Tag Archives: life

Other People

Other People

What a problem. Other people.
Other people are not you.
Other people might see red when you see blue.
Some other people may prove bad for you.
Some other people may prove a friend to you.
Other people are the many, you are the few.
You will meet other people whatever you do.

What a fascination. Other people.
Some other people will leave you behind.
Some other people you will want to cast from your mind.
Some other people may seem to be your kind.

What a wonder. Other people.
Some other people may march with signs.
Some other people may work outside the lines.
Some other people may want you to lose when you try to win.
Some other people may hunt like sharks without a warning fin.
Some other people may in the end help you to begin.

“Hell is other people.”
A quote from No Exit that Sartre wrote.
As regards other people that is not always true.
Other people can be heaven, too.

What a puzzle. Other people.


Law of the Lion

Law of the Lion

Life can be a burdensome thing
with so much you can’t control.
Nothing you can do about the news,
time will always take its toll.

Some preach it as a pilgrimage,
warn of perils on the way.
Others concentrate on escape,
do not care how far they stray.

The old towers are tumbled down,
the first empires lost in weeds.
The sower went to the desert
but died with his bag of seeds.

Wind lifts the branches of the trees,
moves the waves across the sea.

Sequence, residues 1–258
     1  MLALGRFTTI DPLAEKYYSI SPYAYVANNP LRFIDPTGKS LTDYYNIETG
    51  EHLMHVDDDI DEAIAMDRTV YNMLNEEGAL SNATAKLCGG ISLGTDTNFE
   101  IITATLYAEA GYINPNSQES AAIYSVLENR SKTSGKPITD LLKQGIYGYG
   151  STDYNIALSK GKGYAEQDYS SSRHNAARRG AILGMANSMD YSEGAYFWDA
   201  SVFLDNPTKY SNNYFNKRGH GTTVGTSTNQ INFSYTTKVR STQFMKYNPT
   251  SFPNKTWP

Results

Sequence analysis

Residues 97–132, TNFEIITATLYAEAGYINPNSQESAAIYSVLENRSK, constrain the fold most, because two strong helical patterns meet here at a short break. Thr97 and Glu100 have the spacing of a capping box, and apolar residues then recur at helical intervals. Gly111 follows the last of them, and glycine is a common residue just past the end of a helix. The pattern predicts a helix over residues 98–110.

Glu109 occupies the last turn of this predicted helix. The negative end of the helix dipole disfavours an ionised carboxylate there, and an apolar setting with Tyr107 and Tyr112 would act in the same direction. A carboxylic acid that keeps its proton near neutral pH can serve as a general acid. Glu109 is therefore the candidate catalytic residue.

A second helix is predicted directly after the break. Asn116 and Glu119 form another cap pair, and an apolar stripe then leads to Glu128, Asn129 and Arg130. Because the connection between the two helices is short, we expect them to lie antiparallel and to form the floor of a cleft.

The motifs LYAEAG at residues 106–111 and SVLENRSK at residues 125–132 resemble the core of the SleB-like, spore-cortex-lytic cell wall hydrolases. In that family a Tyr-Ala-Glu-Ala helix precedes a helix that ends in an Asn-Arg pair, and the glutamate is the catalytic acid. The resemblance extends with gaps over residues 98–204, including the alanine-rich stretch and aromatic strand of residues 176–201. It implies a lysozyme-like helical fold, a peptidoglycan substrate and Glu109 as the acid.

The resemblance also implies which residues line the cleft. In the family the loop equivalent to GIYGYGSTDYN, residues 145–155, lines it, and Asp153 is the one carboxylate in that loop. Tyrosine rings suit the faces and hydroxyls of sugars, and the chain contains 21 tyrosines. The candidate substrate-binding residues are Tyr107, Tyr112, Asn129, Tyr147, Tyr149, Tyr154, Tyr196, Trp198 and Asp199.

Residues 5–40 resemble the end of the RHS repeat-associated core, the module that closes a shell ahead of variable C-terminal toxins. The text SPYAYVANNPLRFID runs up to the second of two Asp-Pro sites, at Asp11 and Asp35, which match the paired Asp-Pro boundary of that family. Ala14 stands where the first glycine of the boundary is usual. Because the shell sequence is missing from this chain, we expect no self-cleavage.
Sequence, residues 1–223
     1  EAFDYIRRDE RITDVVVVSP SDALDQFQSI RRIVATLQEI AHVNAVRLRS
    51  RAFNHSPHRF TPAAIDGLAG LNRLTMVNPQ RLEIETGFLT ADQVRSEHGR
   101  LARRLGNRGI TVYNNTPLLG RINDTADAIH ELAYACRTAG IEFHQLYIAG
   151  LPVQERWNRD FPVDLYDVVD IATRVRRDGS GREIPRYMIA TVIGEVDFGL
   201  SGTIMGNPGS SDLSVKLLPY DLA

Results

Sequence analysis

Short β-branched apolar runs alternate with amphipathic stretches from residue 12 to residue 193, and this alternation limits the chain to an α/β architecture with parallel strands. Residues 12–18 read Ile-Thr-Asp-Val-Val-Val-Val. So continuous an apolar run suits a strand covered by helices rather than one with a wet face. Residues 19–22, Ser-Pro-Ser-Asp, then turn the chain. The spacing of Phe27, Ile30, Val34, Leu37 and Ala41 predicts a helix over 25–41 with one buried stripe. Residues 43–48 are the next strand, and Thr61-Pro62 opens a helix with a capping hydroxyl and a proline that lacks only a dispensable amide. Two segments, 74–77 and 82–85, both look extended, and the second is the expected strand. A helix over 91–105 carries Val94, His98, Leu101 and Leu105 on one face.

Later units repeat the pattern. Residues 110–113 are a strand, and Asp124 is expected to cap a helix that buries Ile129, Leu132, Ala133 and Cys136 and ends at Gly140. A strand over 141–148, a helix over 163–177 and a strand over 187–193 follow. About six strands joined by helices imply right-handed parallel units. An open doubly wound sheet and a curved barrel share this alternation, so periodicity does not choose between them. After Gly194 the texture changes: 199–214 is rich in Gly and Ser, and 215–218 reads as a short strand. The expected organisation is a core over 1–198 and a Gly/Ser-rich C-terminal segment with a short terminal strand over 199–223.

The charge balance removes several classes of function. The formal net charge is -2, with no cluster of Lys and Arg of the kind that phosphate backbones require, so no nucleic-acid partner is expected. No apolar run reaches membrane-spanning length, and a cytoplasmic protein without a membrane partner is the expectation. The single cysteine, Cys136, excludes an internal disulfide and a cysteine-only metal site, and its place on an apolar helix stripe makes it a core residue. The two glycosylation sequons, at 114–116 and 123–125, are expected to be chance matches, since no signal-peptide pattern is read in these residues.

The winter sun shines but falsely
for cold holds the frozen key.

The golden lion on his throne,
no one knows from where he came,
rules his jungle kingdom wisely,
his one law is be not tame.

Life can be a liberating thing
once you’re aware of your chains,
to contort your way out of them,
to find what your freedom gains.

Sand and Dust

Sand and Dust

A Stradivarius violin
he knew he would never own.
Fated to be a pauper player
while he reaped what he had sown.

No, there were worlds that were not for him,
would remain outside the dance.
Stood against the wall where he was pinned,
stabbed by a glittering glance.

This poorly put together pantomime,
cruel circus antiquated with rust,
revue organised by black suited crime
was to him so much sand and dust.

Helicopters could not rescue him,
if the ocean hid his hand.
Followed the flight of the albatross
to be native to no land.

Content with his gypsy violin,
played for lovers and for wine.
His tunes were his horse drawn caravan,
be the weather foul or fine.

These cold chants to oppose the citadel,
lost with the bare ballads of broken trust,
were to him like marks on a prison cell,
to fade away like sand and dust.

Ski In The Sky

Ski In The Sky

I went for a ski in the sky,
never more free was I,
far higher than any bird could fly,
when I went for a ski in the sky.

Really I walked down a road,
my arms strained, my feet slowed
by my shopping bag load.
I looked up.
Saw me ski down the slope of a cloud,
its edge white with winter sunlight.
I smiled to see I wore
the same blue coat I wore on Earth.
My face looked younger, serene,
accustomed to pleasant thought and mirth.
Clouds shifted, my concentration waned.
It grew grey, chilly, like yesterday,
when it was windy and rained.